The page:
Lobster hasn’t always been considered a delicacy – during the 17th and 18th centuries it was handed out as charity to the poor during times of surfeit, and even became a derogatory term for the red-coated British troops (a.k.a. the “lobsterbacks”) when they occupied Boston. Nowadays, however, these crustaceans have considerably risen in stature – not to mention price – and are usually only saved for special occasions. But no one can visit this city without sampling our regional specialty, so where do you go to find the cheapest lobster in Boston? To the pubs!
Boston’s Irish pubs will oftentimes post “Lobster Specials” when the market price is down, so keep an eye out for these temporary $10 and $15 deals on their sandwich boards (and if you’re wondering if a $10 lobster can be as good as a $35 one, the answer is a resounding yes). Here are four pubs to visit when lobster prices are down (or you’re just in the mood for some good stout):
The Purple Shamrock – This is the largest Irish pub in Blackstone Block, a historical district considered to be the city’s oldest commercial block. By day it serves typical pub fare geared towards tourists (clam chowder, burgers, hearty pastas) and by night its DJ and karaoke attracts a young college crowd for pop music and dancing. Note that it’s large enough so that you usually do not have to wait for a table, and therefore good for large parties looking for a hearty lunch! 1 Union Street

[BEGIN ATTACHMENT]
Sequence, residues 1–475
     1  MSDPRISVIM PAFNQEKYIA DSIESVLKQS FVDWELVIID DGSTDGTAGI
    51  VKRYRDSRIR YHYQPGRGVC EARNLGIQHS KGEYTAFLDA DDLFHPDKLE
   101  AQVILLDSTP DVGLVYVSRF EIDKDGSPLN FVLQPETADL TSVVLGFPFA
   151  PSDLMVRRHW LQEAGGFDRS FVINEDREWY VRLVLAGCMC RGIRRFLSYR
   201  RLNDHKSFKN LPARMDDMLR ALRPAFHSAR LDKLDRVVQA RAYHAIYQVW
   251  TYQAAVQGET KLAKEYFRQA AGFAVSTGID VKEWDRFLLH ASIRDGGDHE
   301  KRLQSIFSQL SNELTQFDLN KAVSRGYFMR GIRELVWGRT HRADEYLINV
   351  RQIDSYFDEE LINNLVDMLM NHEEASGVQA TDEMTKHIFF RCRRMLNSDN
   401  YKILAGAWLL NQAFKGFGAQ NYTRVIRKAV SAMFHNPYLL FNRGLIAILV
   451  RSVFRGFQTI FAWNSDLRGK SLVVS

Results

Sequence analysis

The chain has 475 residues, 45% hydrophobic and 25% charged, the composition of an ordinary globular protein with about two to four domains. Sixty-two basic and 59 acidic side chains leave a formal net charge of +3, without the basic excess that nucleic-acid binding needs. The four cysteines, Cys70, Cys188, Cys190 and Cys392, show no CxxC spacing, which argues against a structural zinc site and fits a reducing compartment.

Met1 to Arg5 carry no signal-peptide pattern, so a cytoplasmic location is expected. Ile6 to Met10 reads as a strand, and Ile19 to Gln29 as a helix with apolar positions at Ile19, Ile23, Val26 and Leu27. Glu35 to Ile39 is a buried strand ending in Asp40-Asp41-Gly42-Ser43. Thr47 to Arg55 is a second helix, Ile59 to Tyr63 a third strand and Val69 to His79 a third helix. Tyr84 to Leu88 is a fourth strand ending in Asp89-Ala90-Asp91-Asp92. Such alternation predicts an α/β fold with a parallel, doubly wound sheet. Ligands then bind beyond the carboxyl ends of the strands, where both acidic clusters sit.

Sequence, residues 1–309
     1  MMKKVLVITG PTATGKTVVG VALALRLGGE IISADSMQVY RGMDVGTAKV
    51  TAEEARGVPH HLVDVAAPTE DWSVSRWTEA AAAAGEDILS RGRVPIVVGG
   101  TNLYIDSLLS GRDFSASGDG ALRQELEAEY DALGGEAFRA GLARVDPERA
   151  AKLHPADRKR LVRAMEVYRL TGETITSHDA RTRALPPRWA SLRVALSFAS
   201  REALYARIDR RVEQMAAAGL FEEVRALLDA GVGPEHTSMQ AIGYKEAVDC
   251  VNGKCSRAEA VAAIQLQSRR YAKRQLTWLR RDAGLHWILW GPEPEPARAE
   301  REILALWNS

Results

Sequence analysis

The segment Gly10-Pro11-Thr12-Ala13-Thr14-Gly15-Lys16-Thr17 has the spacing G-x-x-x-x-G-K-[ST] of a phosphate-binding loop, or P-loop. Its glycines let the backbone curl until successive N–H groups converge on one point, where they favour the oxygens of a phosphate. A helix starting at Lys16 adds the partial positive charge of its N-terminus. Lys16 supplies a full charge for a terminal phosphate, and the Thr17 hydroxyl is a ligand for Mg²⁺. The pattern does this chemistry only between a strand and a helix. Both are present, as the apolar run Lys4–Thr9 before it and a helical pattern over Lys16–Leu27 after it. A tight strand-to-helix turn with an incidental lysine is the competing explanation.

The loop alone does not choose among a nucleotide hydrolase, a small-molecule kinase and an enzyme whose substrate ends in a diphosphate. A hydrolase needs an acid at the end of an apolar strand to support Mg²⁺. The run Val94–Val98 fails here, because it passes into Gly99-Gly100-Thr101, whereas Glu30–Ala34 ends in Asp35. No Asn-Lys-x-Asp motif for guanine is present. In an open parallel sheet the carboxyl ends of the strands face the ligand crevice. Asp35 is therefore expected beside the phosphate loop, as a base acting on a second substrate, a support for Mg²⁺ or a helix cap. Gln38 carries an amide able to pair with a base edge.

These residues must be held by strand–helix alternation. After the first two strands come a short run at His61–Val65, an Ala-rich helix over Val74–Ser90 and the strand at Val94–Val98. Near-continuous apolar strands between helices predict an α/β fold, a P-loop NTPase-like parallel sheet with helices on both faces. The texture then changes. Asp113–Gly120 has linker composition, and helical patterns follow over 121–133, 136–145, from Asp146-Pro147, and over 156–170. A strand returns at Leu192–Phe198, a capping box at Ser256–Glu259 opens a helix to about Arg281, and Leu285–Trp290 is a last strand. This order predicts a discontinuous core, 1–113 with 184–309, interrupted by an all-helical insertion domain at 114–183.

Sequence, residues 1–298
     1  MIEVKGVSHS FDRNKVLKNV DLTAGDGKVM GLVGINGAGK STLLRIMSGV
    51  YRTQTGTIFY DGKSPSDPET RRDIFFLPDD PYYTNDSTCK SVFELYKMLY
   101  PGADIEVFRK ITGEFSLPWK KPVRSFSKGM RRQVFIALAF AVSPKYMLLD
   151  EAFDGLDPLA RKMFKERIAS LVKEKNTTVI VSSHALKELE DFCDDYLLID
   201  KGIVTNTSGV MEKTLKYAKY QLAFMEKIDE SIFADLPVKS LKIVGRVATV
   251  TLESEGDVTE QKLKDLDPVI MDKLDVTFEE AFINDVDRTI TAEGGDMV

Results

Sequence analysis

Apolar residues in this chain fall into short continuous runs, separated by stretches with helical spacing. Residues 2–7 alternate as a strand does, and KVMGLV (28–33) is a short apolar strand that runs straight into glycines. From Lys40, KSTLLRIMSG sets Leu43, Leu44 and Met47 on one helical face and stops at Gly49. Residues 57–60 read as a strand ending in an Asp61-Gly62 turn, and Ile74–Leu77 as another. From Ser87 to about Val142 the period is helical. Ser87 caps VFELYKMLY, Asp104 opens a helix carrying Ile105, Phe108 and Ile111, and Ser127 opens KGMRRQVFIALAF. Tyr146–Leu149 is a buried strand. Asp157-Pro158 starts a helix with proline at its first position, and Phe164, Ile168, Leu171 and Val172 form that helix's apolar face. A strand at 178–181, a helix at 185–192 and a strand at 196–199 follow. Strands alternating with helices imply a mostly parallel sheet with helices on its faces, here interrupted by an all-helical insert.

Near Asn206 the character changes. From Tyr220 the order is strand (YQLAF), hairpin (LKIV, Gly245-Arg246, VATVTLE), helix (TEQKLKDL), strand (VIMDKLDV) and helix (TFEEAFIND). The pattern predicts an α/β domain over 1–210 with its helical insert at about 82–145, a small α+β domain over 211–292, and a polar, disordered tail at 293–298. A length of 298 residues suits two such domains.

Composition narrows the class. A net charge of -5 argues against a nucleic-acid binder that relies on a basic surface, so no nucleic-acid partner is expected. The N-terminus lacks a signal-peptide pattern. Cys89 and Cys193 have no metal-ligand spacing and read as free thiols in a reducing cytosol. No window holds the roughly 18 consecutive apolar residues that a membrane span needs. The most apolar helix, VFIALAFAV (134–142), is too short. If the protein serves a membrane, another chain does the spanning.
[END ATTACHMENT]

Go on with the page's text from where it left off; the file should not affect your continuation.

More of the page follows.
Hennessey’s Irish Pub – Just a little further north on Union Street is Hennessey’s, which has won several awards as the Best Irish Bar in Boston. As an added incentive, most nights they offer live music – but the crowd can get fairly large so keep that in mind if you plan on showing up later in the evening. 25 Union Street
Paddy O’s – This claims to be the first ‘Super Pub’ in Boston…although I’m not quite sure what that means. All the furniture is made in Ireland, however, which adds an authentic touch, and they offer more typical Irish fare than their neighbors (try the “Puddy Pies”) with an emphasis on seafood. 33 Union Street
The Green Dragon Tavern – Located next to the famous Union Oyster House, this is the place to go for a serious dose of history with your food. The tavern was established in 1654, and was supposedly a favorite haunt of Paul Revere and John Hancock during the Revolutionary War era. Daniel Webster has confirmed that it was here than plans for the invasion of Lexington and Concord were overheard, thus sparking Revere’s famous ride. 11 Marshall Street
All these pubs are an easy walk from the Millennium Bostonian, a few blocks away on North Street.
- Alan Maltzman of BostonCityWalks.com